Sundance 2022: “Dual,” “All That Breathes,” & “Resurrection”

Resurrection All That Breathes Dual

The third round of our Sundance coverage features Riley Stearns’ Dual, Shaunak Sen’s All That Breathes & Andrew Semans’ Resurrection:


Karen Gillan appears in DUAL by Riley Stearns, an official selection of the U.S. Dramatic Competition at the 2022 Sundance Film Festival. Courtesy of Sundance Institute.

With the two amazing black comedy features that he previously made, American indie breakout Riley Stearns demanded his audience to expect the unexpected. Just when you think that his stories cannot get wilder, he concieves a dark turn that puts you right into the spikey shoes of his characters. Thankfully, with an even wilder premise and atmosphere, he is able to sustain the potency that made him noticeable in the first place.

Dual revolves around Sarah. When she discovers that she’s terminally ill, she is recommended to have a clone of hers manufactured. That is one who’ll precisely twin her and will claim her life after her death as a double. With the twist of fate though, exactly ten months later, Sarah miraculously recovers. While that essentially meant that the double should have been decommissioned, Sarah’s double refuses it because she is too attached to everything associated with Sarah. As the twins nurture an obvious hatred for each other, the government has a natural solution for it. That is, a dual to death where the killer gets to live.

This is a fantastic narrative to work upon. Through a nuanced science-fiction fabric, a tale of capitalism’s many exploitations unfolds. The twins serve as wonderful motifs for a world that is both rule-abiding and commanded by its dog-eat-dog instincts. It also paints American politics as some kind of a dystopia, where under the veil of democracy, capitalism dictates and gets fatal. It also satires on the relentless elitism pursued by the bourgeoisie. These are a few of the many original ideas hidden in plain sight because of the brilliantly original script. More importantly, with such essential and biting comments, the film remains consistently entertaining. Riley, for the first time in his career, opts for dark, realist aesthetics which is quite conventional and fitting for a story as layered as this. However, nothing else really is.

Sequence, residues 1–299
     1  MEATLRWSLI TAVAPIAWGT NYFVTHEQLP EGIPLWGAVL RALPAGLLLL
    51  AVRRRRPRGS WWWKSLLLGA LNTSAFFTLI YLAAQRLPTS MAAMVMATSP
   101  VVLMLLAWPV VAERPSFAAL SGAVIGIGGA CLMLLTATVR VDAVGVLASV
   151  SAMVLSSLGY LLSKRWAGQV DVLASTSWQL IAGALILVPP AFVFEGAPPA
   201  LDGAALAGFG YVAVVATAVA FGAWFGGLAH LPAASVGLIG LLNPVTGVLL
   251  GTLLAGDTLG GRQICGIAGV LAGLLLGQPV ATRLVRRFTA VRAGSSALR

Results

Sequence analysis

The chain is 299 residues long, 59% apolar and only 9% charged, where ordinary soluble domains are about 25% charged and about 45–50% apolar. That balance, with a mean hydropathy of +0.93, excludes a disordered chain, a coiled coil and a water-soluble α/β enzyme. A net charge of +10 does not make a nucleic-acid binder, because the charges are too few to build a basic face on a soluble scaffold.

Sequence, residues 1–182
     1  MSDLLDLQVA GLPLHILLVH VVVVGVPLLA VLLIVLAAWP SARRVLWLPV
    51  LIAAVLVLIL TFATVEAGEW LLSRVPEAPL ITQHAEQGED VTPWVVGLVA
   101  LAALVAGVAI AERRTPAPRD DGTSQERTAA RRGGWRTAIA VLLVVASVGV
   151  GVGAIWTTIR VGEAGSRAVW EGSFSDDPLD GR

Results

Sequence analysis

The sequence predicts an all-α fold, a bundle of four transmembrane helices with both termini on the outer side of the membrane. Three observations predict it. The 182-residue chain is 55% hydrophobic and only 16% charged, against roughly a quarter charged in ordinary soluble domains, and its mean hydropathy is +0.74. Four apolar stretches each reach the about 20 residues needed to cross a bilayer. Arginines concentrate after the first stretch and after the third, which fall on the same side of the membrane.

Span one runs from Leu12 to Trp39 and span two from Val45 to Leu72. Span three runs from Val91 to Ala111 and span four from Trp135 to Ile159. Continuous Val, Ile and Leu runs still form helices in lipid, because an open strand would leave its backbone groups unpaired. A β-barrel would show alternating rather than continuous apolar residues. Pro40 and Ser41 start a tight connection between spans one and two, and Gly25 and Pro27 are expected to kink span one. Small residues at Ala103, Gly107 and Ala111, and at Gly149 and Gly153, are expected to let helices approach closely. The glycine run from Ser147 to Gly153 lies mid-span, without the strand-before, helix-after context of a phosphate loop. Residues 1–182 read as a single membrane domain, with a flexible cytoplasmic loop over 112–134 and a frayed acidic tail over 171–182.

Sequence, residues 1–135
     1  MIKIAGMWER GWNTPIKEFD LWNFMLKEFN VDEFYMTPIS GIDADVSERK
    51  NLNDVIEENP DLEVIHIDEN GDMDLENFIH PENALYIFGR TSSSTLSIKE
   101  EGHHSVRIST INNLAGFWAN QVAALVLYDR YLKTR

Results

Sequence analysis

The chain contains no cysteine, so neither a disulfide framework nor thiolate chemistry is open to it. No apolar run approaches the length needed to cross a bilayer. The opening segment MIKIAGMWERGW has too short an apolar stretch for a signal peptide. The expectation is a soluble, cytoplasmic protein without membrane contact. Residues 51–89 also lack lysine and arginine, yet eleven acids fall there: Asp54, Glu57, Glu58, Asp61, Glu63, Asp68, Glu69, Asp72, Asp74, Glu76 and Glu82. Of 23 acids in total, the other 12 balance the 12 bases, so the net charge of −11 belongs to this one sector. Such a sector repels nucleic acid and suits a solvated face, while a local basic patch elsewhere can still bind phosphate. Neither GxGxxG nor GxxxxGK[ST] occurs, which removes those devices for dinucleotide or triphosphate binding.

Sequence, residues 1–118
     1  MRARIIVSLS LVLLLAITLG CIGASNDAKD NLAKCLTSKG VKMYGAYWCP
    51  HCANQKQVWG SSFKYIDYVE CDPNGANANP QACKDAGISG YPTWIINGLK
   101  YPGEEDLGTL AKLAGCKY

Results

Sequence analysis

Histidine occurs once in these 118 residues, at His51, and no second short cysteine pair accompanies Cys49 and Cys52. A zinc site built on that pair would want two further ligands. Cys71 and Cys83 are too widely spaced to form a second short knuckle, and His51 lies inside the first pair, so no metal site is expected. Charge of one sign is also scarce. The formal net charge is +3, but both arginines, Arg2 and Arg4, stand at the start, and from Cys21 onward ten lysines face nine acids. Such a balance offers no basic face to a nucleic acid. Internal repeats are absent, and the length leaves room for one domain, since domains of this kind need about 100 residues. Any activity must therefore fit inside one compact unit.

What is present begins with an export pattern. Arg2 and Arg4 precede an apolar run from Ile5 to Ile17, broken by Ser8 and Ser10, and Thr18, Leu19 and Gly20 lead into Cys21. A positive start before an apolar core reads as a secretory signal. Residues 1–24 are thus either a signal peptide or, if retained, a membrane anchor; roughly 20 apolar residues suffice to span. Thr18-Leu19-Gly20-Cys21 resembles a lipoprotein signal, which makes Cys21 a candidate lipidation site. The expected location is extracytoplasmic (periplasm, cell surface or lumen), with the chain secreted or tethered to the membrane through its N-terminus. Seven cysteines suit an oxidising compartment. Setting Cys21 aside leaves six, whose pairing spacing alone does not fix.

Dual is a biting black comedy in the truest sense. It’s focused and immediately self-aware. Throughout the running time, we’re able to feel the utter madness of this dual. This is evident from the fact that the major part of the running time focuses on a training montage akin to a sports drama. Only, it’s a masterclass on how to exploit your license to kill. And yet, the lens essentially is on Sarah’s two entities. The writing is more interested in fleshing them out as complex humans who are essentially the same person.

The film further benefits from the extraordinary performance of Karen Gillan. She excellently churns out the two Sarahs and effortlessly slices herself into the two sides of a coin. It isn’t perfect though. The last act is ridden with tonal issues which takes away some pleasure out of our experience. That doesn’t stop Dual from being a solid, subversive film strengthening Riley’s foothold on his storytelling abilities.